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Air Force Fleet Experiencing Pains of Age

By Jim Garamone
American Forces Press Service

WASHINGTON, Feb. 11, 2005 – Today's Air Force is a deployed force, the service chief of staff told the Senate Armed Services Committee Feb. 10.

Gen. John Jumper told the committee that the Air Force has 30,000 airmen deployed around the world.

In the U.S. Central Command area, the service has 14 bases that are still open and active. Airmen continue to patrol American skies as part of Operation Noble Eagle.

Jumper said the service continues to mature the Air Expeditionary Force concept begun in 1997. "We now have 270,000 out of 360,000 active duty members in the AEF deployment cycle," he said. "As a matter of fact, we have about a hundred people from the air staff in the Pentagon deployed today, taking advantage of their skills."

The Air Force is also helping on the ground in Iraq. There are about 2,000 airmen on convoy duty with the U.S. Army today. They are "driving trucks with the Army through some of the most dangerous regions and dealing with the [improvised explosive devices] right alongside their Army colleagues."

He said that while airmen are doing well, the operations tempo is putting stress on the force. "The Air Force is putting the full weight of its air mobility, its special operations, its close-air support, its surveillance activity in support of our grand operations in Iraq and in Afghanistan," he said.

At the same time, aircraft based in other areas of the world help assure stability.

The Air Force reserve components are playing huge roles in the worldwide operations. "About 55 percent of our 170,000 airlift sorties and our 36,000 air refueling sorties last year -- more than half of those were flown by Air Force -- are Air National Guard and Air Force Reserve," he said.

Air Force mobility forces showed their capability during relief operations following the Dec. 26 tsunami in South Asia.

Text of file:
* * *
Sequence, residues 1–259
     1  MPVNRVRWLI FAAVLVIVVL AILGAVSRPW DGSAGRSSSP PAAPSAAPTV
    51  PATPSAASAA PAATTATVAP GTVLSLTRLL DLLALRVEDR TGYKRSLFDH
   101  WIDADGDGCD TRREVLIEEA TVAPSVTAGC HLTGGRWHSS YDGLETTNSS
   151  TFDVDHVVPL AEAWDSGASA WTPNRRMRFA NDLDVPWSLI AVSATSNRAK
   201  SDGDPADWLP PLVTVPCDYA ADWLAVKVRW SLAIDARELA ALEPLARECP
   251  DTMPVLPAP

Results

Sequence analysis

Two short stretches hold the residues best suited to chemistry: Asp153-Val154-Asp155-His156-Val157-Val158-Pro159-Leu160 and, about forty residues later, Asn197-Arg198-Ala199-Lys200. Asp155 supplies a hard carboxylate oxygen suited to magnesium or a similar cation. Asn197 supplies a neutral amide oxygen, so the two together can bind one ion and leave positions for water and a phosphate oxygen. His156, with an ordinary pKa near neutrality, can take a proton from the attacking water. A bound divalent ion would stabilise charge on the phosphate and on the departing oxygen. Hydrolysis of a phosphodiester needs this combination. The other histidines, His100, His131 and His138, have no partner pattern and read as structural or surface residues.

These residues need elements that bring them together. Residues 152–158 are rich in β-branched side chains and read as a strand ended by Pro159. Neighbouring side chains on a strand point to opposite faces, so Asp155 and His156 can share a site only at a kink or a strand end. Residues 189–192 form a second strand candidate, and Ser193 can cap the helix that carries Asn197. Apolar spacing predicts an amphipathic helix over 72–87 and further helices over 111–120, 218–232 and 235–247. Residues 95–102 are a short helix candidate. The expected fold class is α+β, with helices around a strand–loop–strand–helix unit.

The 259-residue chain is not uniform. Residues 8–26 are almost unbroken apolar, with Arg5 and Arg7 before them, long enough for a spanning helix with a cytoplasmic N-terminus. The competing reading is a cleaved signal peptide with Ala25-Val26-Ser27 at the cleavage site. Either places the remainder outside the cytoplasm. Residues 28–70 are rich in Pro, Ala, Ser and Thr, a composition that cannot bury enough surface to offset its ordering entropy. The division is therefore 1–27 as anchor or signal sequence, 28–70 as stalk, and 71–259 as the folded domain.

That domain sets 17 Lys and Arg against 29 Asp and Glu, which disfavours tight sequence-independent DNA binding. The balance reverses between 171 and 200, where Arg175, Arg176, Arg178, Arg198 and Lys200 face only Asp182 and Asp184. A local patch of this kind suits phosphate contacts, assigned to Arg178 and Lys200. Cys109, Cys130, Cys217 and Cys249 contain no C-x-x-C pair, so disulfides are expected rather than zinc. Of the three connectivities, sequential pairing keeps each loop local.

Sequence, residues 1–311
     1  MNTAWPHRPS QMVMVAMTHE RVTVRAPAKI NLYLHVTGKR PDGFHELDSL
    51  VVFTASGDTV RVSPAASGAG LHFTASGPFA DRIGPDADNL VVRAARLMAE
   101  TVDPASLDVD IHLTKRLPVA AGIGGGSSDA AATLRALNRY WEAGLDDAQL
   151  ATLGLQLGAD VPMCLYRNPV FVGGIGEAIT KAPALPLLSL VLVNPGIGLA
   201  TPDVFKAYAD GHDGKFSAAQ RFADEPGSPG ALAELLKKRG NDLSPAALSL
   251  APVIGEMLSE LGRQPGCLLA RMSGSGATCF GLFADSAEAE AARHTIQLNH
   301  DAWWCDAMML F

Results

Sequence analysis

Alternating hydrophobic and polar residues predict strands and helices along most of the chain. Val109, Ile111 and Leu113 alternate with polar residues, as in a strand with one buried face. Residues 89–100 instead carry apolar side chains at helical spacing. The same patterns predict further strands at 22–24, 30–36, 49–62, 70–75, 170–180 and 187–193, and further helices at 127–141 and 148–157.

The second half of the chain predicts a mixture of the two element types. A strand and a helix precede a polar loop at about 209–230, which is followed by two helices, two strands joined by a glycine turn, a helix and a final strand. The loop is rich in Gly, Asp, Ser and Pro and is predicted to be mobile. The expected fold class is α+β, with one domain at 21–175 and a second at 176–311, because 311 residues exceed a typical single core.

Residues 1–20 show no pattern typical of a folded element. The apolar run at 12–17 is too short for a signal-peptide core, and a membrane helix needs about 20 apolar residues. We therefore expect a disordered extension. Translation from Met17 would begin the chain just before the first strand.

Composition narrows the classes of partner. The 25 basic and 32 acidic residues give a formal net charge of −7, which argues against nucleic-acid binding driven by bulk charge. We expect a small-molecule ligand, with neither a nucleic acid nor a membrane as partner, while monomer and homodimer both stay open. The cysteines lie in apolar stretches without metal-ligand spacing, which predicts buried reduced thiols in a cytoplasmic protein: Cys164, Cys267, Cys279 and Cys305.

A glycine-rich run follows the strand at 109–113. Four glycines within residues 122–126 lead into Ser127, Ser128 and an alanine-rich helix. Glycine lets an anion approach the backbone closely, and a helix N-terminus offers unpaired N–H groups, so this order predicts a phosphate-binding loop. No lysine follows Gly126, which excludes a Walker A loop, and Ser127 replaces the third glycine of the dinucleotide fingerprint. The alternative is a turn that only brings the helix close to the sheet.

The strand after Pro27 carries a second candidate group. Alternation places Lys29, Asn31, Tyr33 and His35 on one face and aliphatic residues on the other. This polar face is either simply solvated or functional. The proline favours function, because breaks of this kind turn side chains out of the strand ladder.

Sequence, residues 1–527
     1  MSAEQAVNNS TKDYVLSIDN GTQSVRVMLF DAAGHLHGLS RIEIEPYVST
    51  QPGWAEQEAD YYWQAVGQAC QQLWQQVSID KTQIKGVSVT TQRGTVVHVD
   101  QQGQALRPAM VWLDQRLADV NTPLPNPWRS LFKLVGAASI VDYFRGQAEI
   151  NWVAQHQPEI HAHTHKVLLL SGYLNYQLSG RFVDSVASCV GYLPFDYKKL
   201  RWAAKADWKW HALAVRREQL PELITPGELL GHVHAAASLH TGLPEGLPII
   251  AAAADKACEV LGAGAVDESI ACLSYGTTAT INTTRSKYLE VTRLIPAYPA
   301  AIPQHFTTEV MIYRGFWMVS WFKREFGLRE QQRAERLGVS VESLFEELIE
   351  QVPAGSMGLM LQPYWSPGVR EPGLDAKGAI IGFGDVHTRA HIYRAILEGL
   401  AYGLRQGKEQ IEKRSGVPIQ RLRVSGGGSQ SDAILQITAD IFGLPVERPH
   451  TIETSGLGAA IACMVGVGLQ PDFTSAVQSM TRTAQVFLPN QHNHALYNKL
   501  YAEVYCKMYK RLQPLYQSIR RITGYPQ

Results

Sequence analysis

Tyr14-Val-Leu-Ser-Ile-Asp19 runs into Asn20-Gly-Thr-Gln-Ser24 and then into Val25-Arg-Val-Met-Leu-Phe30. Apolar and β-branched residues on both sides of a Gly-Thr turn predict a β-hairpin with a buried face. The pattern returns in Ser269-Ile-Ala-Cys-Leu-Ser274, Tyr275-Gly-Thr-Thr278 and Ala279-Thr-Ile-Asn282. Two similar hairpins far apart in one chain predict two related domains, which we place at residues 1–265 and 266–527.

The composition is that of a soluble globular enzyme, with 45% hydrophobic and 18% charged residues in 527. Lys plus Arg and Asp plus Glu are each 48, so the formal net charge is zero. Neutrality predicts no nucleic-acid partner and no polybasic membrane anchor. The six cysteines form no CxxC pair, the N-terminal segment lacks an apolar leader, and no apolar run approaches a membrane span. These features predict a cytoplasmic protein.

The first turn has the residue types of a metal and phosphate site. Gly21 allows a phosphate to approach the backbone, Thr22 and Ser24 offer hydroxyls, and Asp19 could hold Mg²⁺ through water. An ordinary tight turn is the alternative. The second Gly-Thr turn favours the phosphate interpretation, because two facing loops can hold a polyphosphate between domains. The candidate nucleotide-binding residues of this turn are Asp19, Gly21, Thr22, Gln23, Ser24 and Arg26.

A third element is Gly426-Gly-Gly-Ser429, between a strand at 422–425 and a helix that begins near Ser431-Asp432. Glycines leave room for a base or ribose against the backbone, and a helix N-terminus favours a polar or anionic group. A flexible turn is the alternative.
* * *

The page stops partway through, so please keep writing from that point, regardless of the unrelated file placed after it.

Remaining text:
The Air Force is also looking to the future. Jumper said unmanned aerial vehicles, the FA-22 Raptor and the Joint Strike Fighter are all systems needed to maintain aerial dominance in the years to come. Developing better worldwide command and control systems and integrating information and intelligence seamlessly across the command spectrum is also part of the Air Force mission, he said.

The Air Force has the oldest fleet aerial fleet ever. The average age of the aircraft in the service is 23 years, according to most recent statistics. Some aircraft such as the B-52 bombers and the KC-135 tankers average more than 40 years old. The F-15 fighter fleet today's air superiority fighter is more than 18 years old. The F-16 fighter fleet averages more than 12 years. Even the F-117 Stealth fighter fleet is more than 17 years old.

"The need to begin recapitalization on some of these assets to us is very important and we will continue to pursue that as we look out toward the future," Jumper said.

Jumper said that recruiting and retention on the active duty side "is right where we want it to be." The service actually ended fiscal 2004 over its end- strength numbers. "When stop-loss came off, people did not leave at the rates that we had expected," he said.

Air Force recruiting figures are high. "We've actually shut down recruiting for the first three months of this year so that we can stabilize at the proper end strength by the end of this fiscal year," he said. "On the Air National Guard and Air Force Reserve side, right now they are about 2 percent below their targets in both the officer and enlisted." However, Jumper expects to make recruiting and retention goals in those important components with no problems.

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Biographies:
Gen. John Jumper, USAF


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